•Point out upgrades and improvements: If you’ve made any significant upgrades or improvements to your investment property, point these out to the appraiser. Everything from construction additions to new windows, to improved landscaping could all elevate the value of the asset. If you’ve made an improvement that doesn’t appear on the initial report, point it out. It’s important to keep all relevant site improvement permits—appraisers can’t consider any unpermitted improvements in the updated value of their appraisals.
•Ask for a second opinion: Consider hiring your own appraiser to come and evaluate the property and provide you with a second opinion. Another appraiser that’s more familiar with the area may provide you with a more accurate understanding of your investment property’s true value. Be aware, however, your buyer’s lender may not accept the valuation established by the secondary appraiser. Most lenders rely on contracted appraisers they have longstanding relationships with. It’s still a good idea to get a second opinion, to get a more factual figure of your property’s true value.
Working with the buyer
If you’ve attempted to dispute the appraisal, but to no avail, it’s still possible to sell your investment property at the agreed-upon price. Your buyer will need to work with you on some alternative solutions.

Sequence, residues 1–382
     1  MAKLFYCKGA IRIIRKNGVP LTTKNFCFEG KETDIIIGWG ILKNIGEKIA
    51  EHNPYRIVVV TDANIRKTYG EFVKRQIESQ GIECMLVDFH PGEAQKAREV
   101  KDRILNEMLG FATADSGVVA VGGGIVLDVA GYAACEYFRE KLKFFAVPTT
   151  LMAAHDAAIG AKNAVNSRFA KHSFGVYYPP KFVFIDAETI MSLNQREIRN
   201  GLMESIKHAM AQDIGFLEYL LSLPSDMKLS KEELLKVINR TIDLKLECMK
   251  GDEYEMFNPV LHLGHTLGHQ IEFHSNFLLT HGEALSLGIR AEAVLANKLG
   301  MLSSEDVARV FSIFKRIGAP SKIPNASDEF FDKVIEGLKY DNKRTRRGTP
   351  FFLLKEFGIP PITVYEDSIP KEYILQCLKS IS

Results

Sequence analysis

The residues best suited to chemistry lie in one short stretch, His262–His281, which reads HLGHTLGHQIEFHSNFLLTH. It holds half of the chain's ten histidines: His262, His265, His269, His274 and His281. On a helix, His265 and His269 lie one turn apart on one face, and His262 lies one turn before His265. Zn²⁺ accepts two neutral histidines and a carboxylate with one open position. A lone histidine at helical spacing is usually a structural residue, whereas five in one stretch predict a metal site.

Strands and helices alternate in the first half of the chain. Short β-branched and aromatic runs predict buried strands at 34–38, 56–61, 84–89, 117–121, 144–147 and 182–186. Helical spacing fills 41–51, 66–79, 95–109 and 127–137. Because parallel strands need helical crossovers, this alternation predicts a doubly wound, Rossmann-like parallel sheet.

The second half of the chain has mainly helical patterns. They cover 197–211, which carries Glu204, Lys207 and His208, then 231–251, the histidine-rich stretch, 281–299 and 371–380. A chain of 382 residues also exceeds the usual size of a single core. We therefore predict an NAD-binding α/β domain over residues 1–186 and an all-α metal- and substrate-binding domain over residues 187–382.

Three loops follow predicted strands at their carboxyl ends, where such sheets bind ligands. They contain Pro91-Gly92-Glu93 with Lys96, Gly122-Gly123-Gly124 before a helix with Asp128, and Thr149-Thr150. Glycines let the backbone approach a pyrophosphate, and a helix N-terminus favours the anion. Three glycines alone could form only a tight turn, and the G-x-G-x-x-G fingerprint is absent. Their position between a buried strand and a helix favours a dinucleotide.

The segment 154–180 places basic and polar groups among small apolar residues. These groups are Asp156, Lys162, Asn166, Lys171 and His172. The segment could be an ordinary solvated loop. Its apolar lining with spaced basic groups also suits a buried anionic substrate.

Your buyer is likely willing to work with you to identify a way for the transaction to go through if they’re committed to purchasing your property. The problem that stands in their way is the lack of financing. Solving this problem means the sale can move forward.
One way to overcome a low appraisal by asking the buyer to make up the difference in cash. While it can be challenging for some buyers to come up with enough additional cash to pay for both the down-payment and the discrepancy, it may be possible if you’re selling the property to another real estate investor.
If you’re working with a very motivated buyer who isn’t able to come up with the cash necessary to make up the discrepancy, consider offering to carry a second mortgage for them. You could loan them the money to cover the discrepancy, with the agreement they’ll pay the rest either in installments or in one lump-sum. In this case, you may also have the opportunity to collect a small amount of interest.
Of course, you may also want to consider slightly adjusting the sale price of your real estate investment property, to make it easier for the buyer to acquire it. Consider concessions like shifting closing costs over to the buyer, too.
Knowing how to fight incorrect appraisals and work with your prospective buyers to overcome low appraisals will help you navigate the challenges of the real estate market in a savvier manner. If you possess the knowledge necessary to reap a return on a property in spite of a low appraisal, you’ll be able to accelerate your journey toward financial independence.